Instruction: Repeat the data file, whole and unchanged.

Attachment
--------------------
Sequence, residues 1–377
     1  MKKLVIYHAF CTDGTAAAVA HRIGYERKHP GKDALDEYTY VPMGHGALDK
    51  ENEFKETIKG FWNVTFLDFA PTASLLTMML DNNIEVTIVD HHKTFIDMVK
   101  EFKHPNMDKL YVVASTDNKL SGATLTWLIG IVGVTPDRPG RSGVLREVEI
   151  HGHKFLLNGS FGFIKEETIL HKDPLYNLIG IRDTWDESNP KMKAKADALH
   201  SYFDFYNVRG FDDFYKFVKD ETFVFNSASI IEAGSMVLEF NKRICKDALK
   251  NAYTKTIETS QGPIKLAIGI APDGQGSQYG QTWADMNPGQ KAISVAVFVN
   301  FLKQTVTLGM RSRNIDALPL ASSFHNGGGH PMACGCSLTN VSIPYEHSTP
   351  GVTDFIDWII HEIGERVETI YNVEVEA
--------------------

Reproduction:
Sequence, residues 1–377
     1  MKKLVIYHAF CTDGTAAAVA HRIGYERKHP GKDALDEYTY VPMGHGALDK
    51  ENEFKETIKG FWNVTFLDFA PTASLLTMML DNNIEVTIVD HHKTFIDMVK
   101  EFKHPNMDKL YVVASTDNKL SGATLTWLIG IVGVTPDRPG RSGVLREVEI
   151  HGHKFLLNGS FGFIKEETIL HKDPLYNLIG IRDTWDESNP KMKAKADALH
   201  SYFDFYNVRG FDDFYKFVKD ETFVFNSASI IEAGSMVLEF NKRICKDALK
   251  NAYTKTIETS QGPIKLAIGI APDGQGSQYG QTWADMNPGQ KAISVAVFVN
   301  FLKQTVTLGM RSRNIDALPL ASSFHNGGGH PMACGCSLTN VSIPYEHSTP
   351  GVTDFIDWII HEIGERVETI YNVEVEA